The bright lights of Toronto turn on Lagos this week, as the Nigerian metropolis takes center stage for TIFF’s eighth City to City program.
Showcasing filmmakers living and working in a selected city, the program this year offers a dynamic portrait of a fast-paced metropolis of 20 million plus, known as much for its creative energy as its gritty underbelly.
Boasting a mix of new-wave indie films and selections from the country’s prolific Nollywood film biz, this year’s City to City crop will offer “a broader picture of the talent coming out of Lagos,” according to TIFF artistic director Cameron Bailey.
The program opens with “The Wedding Party,” a star-studded romcom featuring some of the most recognizable names in Nigerian film and comedy.
“We wanted to go all out to get an amazing cast,” says executive producer Mo Abudu, CEO of EbonyLife TV. “I think what we’re going to show audiences will wow them.”
Nigeria’s home-grown Nollywood industry ranks as one of the world’s most successful moviemaking machines, said to produce more than a thousand movies and rake in $5 billion each year.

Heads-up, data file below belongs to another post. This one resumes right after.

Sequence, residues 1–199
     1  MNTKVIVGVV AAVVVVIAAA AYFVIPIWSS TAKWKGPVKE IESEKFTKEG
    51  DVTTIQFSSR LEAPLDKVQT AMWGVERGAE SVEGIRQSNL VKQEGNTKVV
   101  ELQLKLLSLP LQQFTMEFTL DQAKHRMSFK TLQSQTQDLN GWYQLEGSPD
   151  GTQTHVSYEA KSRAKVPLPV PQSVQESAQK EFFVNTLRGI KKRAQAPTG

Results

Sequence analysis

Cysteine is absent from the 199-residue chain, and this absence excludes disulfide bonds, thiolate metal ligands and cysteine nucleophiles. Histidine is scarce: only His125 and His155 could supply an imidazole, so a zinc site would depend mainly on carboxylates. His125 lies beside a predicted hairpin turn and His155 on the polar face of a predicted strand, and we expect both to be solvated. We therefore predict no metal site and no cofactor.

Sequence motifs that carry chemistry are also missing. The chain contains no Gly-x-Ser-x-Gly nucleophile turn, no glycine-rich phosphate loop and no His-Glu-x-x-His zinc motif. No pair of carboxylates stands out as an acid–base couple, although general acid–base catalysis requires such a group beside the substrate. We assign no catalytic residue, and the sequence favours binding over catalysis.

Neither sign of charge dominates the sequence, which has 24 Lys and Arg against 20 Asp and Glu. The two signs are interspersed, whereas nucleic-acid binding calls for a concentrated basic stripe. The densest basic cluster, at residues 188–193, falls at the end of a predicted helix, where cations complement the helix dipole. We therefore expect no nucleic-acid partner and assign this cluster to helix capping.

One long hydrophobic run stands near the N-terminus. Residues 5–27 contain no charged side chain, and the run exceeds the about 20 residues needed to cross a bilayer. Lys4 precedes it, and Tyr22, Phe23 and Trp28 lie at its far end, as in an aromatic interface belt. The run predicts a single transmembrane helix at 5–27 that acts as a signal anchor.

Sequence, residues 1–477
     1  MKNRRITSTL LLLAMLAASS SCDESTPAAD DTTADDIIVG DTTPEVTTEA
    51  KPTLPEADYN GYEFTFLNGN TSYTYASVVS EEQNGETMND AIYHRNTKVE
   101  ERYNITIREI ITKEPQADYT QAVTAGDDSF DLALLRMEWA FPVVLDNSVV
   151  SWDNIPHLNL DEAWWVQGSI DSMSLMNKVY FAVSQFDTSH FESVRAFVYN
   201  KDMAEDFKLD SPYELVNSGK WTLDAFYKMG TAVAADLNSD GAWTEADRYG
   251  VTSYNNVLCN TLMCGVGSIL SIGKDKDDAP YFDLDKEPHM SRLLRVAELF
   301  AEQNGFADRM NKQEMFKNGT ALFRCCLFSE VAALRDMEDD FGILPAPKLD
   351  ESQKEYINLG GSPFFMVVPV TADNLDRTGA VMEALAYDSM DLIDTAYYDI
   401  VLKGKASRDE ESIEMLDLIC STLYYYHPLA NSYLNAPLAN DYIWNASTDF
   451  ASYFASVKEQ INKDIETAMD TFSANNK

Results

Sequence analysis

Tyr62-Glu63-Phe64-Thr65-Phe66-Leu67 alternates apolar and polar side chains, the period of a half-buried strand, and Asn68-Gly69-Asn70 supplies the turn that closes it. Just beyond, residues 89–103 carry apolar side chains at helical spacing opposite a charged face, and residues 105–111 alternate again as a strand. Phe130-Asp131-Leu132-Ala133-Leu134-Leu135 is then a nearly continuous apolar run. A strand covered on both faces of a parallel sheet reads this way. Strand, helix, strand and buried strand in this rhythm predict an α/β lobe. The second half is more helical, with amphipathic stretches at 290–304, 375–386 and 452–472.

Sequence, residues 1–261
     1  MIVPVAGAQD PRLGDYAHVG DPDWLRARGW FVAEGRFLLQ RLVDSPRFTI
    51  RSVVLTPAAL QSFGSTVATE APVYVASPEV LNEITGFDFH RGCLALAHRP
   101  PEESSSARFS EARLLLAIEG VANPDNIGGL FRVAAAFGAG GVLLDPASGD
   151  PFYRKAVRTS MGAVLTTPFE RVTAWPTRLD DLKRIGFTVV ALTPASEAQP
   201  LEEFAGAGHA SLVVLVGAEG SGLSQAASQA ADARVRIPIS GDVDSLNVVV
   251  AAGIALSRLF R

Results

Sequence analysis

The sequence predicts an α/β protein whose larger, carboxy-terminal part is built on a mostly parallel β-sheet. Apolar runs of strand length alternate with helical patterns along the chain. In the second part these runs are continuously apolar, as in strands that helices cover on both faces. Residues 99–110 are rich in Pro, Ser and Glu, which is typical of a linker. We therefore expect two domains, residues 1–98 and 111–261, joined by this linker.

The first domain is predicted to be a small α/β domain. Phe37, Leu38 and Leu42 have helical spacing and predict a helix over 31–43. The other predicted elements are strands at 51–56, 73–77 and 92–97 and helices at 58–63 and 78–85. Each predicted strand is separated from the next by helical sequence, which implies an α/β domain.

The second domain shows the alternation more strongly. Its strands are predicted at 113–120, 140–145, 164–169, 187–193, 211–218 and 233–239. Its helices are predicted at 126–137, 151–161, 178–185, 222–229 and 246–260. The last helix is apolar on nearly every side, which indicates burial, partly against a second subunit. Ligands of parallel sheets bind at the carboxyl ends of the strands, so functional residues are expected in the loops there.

While best-known for their frantic shoots and shoestring budgets, a fresh wave of Nigerian filmmakers in recent years have striven to set a higher artistic bar than their freewheeling predecessors.
All signs point to a maturing industry that’s finding its place on the international stage, according to Abudu.
“What Toronto has done is to give us an opportunity to showcase some of the work [for] a global audience,” she says,
Along with screenings, City to City will feature an intimate onstage conversation with acclaimed helmer Kunle Afolayan and actress Genevieve Nnaji, widely considered to be the face of African cinema.
And for the first time, the Rising Stars program — which in the past has offered a platform for emerging Canadian actors — will travel beyond its borders to include Nigerian thesps O.C. Ukeje and Somkele Iyamah-Idhalama, for what Bailey describes as a “professional development boot camp,” offering a range of specialized programming, workshops and seminars for the duo.
The program sets the stage for a rollicking Nigerian contingent to arrive in Toronto when TIFF kicks off today, offering “an unprecedented showcase at a major festival” for Nigerian filmmakers, according to Bailey.
It’s a moment in the spotlight, says Abudu, that won’t be wasted.
“I think it’s an opportunity for the world to see what we can do,” she says.
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